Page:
9. Wing: High-Lift, non-laminar flow wing made of AL. I am in-love with wooden aircraft's smooth surfaces and ultra-rigid wings....but i was having a hard time finding suppliers and adequate storage for materials during construction (a place to put bulk orders). So i have chosen AL ...will have to change my profile name....na! The design used to have flaps....but they have been deleted in favour of simplicity. i have added area instead. Space will be made in the wing to facilitate baggage, extra batteries and fuel tanks. retrofitting for gas engines or for a hybrid system should be prudent. A folding wing will allow the kite to live up to it's mission of being trailered from my driveway to lake Ontario (300m). at present this is a substantial design challenge. I might need some help. or just a lot more time! The wing was a hershey-bar, now it is tapered for several reasons. I have access to CNC so cutting out lots of different wing-ribs and their forms is not a problem. i like the flying qualities of a tapered wing. it also helps with loading. there is very minimal washout at the tips. the airfoil is the same from root to tip.
    10. Fuselage: Steel Tube, Plywood, Fabric and composites....as Reqd. I like steel cages...especially when the entire mass of the plane is behind me. i want to walk away from a prang.
    11. Hull: im very interested in the designs that came about at the very tail end of the flying boat era. the Supermarine Gull, Martin designs and the integration of these concepts and forms into the Shinmaywa us-1 & 2 deep-V designs. I have modified the basic shape for my purposes. the addition of a ski-surface on the bottom to allow a forgiving first contact combined with a deep-v profile and spray suppression skirt were introduced at the onset of the design. There are so many great concepts already in existance - incorperating them into one simple form has been an intellectual treat (i use the word intellectual lightly!).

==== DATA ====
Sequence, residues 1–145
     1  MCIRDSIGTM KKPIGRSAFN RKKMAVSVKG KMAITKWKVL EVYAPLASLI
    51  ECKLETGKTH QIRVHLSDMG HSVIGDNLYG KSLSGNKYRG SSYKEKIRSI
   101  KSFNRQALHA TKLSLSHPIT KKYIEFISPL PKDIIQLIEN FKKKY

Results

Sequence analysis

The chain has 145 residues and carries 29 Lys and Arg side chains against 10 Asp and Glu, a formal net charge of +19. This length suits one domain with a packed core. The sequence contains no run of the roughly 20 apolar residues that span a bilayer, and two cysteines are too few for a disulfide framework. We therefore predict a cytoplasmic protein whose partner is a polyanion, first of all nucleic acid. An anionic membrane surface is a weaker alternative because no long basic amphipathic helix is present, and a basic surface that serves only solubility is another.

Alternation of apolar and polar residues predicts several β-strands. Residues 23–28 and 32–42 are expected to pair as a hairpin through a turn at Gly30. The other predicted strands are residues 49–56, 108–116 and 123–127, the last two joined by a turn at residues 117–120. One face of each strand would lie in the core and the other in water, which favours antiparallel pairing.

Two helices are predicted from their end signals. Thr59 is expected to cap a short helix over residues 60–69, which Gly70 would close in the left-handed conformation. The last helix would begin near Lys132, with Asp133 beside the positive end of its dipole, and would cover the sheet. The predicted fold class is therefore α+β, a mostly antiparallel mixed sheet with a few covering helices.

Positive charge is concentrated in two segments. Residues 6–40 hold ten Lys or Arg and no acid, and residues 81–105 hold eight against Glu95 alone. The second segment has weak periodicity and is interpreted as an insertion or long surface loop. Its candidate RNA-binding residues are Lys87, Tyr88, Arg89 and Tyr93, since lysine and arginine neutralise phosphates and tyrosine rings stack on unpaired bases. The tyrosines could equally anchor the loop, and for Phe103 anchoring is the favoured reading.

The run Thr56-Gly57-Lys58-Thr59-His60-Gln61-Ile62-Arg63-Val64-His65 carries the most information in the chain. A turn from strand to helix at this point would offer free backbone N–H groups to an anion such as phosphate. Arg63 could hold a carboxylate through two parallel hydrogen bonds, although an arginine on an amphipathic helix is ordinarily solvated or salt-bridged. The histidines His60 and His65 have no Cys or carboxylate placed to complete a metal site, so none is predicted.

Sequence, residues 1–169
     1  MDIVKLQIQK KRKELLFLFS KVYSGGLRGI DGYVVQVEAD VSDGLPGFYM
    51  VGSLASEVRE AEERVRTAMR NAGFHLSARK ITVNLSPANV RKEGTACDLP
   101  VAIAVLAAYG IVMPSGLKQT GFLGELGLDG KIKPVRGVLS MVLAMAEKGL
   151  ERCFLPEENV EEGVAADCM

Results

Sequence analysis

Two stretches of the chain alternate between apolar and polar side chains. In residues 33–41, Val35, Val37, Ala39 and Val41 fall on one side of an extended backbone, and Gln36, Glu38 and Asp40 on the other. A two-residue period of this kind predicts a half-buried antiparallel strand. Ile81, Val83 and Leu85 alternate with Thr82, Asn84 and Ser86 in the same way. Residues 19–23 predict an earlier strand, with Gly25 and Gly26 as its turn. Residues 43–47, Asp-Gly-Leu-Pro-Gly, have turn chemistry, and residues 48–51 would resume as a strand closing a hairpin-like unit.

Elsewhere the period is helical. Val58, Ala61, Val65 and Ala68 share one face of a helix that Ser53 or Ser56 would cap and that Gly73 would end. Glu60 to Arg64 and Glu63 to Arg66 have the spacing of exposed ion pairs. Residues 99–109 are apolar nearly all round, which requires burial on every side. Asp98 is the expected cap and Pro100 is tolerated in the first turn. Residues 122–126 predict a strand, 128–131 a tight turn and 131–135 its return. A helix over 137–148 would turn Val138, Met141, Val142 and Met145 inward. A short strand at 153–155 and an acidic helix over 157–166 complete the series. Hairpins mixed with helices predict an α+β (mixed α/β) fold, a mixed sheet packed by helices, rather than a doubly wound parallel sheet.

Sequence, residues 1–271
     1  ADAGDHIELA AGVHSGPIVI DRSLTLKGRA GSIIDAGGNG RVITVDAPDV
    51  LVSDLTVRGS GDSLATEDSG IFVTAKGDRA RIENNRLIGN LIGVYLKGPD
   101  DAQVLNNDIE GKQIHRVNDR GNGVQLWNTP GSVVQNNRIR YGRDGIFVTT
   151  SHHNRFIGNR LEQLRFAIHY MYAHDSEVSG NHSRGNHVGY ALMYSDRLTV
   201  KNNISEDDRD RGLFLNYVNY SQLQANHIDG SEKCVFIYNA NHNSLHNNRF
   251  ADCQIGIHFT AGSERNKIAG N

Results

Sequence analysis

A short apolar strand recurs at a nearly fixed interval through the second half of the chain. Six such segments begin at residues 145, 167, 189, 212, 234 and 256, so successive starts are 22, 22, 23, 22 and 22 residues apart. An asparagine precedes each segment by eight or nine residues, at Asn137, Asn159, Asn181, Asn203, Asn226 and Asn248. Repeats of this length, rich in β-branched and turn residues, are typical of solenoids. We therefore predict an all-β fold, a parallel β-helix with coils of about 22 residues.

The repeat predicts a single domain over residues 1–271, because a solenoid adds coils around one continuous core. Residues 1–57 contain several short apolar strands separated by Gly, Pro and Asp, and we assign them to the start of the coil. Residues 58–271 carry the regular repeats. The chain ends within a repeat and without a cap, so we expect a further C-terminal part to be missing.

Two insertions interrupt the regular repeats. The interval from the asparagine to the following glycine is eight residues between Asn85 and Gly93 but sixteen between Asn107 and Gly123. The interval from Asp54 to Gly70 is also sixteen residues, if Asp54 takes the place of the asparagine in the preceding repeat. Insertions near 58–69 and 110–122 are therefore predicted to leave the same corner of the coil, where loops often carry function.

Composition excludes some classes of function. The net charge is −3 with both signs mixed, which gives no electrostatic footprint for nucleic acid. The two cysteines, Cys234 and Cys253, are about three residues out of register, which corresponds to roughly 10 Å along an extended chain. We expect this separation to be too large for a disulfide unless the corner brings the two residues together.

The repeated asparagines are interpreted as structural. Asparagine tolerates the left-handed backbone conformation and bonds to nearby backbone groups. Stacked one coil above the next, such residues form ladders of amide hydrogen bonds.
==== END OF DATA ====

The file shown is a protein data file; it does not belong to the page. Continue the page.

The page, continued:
12. Propulsion: options still fill this space but the feeling now is towards the MGM Compro offerings. Currently in discussions with them (very early stages). I have lots to learn about these systems beyond what i already know. Dealing with 800VDC is probably going to be touchy in aquatic conditions.
    13. Extras: i love lighting and will probably have to add some cracking LED lights for .... intimidating shipping. Dedicated action camera locations will be added for documenting flights like flightchops does.
    14. Stowage - Entry/Exit: the front seat is like a kayak - the rear is like a champ or cub. Light baggage can be placed behind the rear seat (weight and balance permitting). Most storage will be in the wings.
    15. Avionics: I like open source philosophy - i will have basic steam gauges and some arduino/raspberry-pi based digital systems. there is lots of progress in this area at the moment. i'm keeping my eye on it. currently i have an android tablet shown. i like moving maps. I am even considering making a series of servo actuated simulated steam gauges like the sim-nerds do. some are awesome and it give me the chance to get very individualistic.
    16. Livery: i can't wait to get to this phase - but as it is completely irrelevant - i will just muck about in renderings. expect to see lots of variation in colours and i feel them out. Don't be surprised if the final paint scheem seems very RCAF or RAF-Costal command. It's a boyhood thing! I like D-Day stripes too!
    17. CADD - everything is in 3D.
     
    Vlad likes this.
  2. May 12, 2019 #2

    cluttonfred

    cluttonfred

    cluttonfred

    Well-Known Member

    Joined: